In the past few weeks, the French logistics giant has been accused of deliberately delaying deliveries of a new gas-powered rail vehicle, L’Esprit de l’Etat, which was supposed to start deliveries in mid-March.
It is the latest of several delays to a French rail system that was built by L’Aéronautique du Congo, which is now part of France.
L’Équipe, which has been running at full capacity since July, says it has received orders for the new vehicle from several major rail carriers, including the French Railways, as well as from various private companies.
But the French government is not satisfied.
It has asked L’ Equipe to revise its orders and cancel the rest.
The company says it is working to deliver the L’ Esprit by the end of the month.
The controversy began with a series of tweets posted by the LEC, the company that owns L’ Aéronavion.
The tweets were posted on April 14, after LEC CEO Guy Montanier said that the LE had been able to deliver orders for 100,000 cars and had not received any orders for a new vehicle.
The next day, on April 17, LEC posted an update to its Twitter account that said it had received the first 100,914 orders for its L’Esplanade car.
By that time, the Lec had been ordered to deliver more than 10 million cars.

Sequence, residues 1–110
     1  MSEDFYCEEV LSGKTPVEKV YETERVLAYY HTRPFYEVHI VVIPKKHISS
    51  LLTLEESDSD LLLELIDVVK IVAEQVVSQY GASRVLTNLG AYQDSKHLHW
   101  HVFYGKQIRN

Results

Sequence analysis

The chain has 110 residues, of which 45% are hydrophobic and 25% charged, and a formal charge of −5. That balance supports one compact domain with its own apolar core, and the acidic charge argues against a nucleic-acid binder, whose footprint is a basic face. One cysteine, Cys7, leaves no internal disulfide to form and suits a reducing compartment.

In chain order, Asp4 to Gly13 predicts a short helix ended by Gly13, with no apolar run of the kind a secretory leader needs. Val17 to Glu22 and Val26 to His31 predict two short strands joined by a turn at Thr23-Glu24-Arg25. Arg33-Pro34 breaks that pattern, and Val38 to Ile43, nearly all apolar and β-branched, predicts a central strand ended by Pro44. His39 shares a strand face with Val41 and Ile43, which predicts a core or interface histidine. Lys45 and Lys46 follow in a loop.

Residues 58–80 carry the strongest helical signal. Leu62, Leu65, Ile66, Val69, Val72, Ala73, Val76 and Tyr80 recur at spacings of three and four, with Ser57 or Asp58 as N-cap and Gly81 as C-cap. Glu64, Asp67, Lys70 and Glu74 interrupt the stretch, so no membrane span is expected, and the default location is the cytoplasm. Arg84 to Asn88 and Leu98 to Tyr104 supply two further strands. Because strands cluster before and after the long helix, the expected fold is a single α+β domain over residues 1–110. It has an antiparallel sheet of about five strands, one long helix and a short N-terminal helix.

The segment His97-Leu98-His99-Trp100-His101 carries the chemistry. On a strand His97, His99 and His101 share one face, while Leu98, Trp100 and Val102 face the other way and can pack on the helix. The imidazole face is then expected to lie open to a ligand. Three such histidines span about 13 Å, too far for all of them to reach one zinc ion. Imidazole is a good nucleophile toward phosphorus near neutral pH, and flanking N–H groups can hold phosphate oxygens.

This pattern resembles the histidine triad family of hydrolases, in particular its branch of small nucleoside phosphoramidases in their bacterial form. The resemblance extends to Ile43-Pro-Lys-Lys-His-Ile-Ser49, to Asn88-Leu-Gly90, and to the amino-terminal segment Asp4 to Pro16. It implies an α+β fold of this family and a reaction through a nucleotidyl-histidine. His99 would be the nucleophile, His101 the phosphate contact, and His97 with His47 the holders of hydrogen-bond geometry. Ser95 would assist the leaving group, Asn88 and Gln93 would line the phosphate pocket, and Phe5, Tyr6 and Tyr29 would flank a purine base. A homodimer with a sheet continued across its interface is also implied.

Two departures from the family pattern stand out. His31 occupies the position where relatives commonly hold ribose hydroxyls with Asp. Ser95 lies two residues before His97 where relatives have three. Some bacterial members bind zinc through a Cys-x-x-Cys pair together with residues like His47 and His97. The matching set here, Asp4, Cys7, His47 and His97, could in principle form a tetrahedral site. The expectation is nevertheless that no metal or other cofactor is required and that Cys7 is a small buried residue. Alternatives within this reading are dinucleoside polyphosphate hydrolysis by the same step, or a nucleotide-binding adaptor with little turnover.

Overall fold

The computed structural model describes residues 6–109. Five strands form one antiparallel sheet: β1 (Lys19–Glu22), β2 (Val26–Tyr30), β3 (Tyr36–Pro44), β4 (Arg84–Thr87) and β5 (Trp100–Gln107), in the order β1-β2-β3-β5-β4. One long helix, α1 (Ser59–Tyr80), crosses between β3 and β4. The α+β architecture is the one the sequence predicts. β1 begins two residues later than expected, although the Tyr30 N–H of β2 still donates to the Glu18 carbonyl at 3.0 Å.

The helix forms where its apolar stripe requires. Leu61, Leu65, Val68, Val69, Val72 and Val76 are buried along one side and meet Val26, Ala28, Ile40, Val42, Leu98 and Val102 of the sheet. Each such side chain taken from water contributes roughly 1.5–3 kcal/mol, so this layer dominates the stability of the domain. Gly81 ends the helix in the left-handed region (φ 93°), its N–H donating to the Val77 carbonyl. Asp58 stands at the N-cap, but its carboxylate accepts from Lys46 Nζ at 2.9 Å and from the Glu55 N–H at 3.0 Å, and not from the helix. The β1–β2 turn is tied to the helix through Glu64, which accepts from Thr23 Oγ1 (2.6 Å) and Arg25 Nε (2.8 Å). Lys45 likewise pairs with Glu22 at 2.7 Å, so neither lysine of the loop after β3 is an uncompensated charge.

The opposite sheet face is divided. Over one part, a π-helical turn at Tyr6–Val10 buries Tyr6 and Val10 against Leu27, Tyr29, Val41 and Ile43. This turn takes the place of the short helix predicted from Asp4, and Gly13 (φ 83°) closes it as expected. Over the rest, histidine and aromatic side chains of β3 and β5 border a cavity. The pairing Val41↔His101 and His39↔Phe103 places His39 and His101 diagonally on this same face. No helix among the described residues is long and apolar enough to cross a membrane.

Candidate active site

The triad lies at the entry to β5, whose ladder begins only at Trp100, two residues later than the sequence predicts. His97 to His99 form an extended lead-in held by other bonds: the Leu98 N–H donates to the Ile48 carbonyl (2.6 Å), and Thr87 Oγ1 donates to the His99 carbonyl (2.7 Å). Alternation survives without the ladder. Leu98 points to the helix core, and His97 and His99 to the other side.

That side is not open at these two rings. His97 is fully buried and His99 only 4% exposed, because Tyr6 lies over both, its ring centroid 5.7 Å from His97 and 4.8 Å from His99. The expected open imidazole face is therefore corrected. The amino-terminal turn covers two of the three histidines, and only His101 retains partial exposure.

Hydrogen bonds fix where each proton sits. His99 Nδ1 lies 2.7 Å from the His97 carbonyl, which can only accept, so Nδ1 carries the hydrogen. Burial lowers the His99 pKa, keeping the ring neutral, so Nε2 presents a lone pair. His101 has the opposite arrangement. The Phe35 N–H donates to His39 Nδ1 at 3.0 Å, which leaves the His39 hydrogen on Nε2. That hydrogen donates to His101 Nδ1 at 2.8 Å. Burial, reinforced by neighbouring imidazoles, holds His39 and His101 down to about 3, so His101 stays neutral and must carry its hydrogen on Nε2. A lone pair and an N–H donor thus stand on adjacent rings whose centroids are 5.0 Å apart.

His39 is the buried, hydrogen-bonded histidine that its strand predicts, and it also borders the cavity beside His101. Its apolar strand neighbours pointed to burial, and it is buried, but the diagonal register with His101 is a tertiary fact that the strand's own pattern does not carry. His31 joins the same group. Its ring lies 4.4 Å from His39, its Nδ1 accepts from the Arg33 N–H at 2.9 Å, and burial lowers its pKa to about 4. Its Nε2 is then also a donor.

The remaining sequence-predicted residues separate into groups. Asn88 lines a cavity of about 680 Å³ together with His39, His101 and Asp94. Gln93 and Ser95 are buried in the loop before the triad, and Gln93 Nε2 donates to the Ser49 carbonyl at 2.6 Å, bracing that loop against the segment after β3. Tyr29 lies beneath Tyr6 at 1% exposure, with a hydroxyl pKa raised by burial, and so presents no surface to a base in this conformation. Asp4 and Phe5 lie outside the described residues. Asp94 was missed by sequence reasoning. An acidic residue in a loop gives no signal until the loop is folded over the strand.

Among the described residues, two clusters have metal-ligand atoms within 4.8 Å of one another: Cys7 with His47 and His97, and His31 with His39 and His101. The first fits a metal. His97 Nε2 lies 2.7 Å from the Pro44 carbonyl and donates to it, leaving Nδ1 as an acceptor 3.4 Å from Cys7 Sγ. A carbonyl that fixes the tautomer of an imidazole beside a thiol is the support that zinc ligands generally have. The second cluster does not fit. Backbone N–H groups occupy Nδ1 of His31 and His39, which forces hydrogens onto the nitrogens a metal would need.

A few days later, the tweet was deleted.
The following day, Léger, a French car manufacturer, said that it had been ordering from LEC for about 10 million vehicles, and that LEC had been slow to deliver those orders.
A week later, Lec said it was still ordering vehicles from L’Ecounet de lÉvangères, the rail carrier, but said that orders had not been received.
LEC has denied any wrongdoing.
A day after the tweets were deleted, LÉger said in a statement that it was not yet ready to provide an update on the LEPV’s delivery status.
Légué, the CNI president, told reporters on April 18 that LEPVs had not yet been delivered to the company and that the company’s delays were not an indication that Léequipe was acting improperly.
But he said that “in the coming days and weeks” the company would release more information.
The French government, which had already ordered LEC to provide LEP vehicles by March 27, has also expressed frustration at LEC’s delays.
“Léequipes failure is not an issue for the government, but the issue is for the public,” said Nicolas Démare, the minister of transport and transport policy, in a letter to the French rail companies.
“We need to take responsibility and we must address the problem,” he added.
LÉequipe says it’s still working to finalize its orders, but has said that, by the beginning of May, the majority of its orders would be in place and its new fleet of trains would begin to run.
French Raillines has ordered another 100,400 LEPs.
French rail carrier L’Arbre, which runs the rail network of the southern French city of Nice, said it is ordering between 20,000 and 30,000 LEP units.
Lec, meanwhile, says the first 50,000 units have been ordered and the rest are to be delivered to L’Express, the main rail carrier.
But a spokesman for Léex said it would not be able to meet the demand until the LepVs were in place.
LESO, the private rail company that operates LÉs car fleet, said on Friday that it has not yet received LEPv orders from Léevan, and it was waiting for the LÉvans deliveries to finish.
LEO, the logistics company that has supplied LEP train cars, said the order was delayed.
It said it will release the final LEP unit orders as soon as possible, but they would not have a date yet.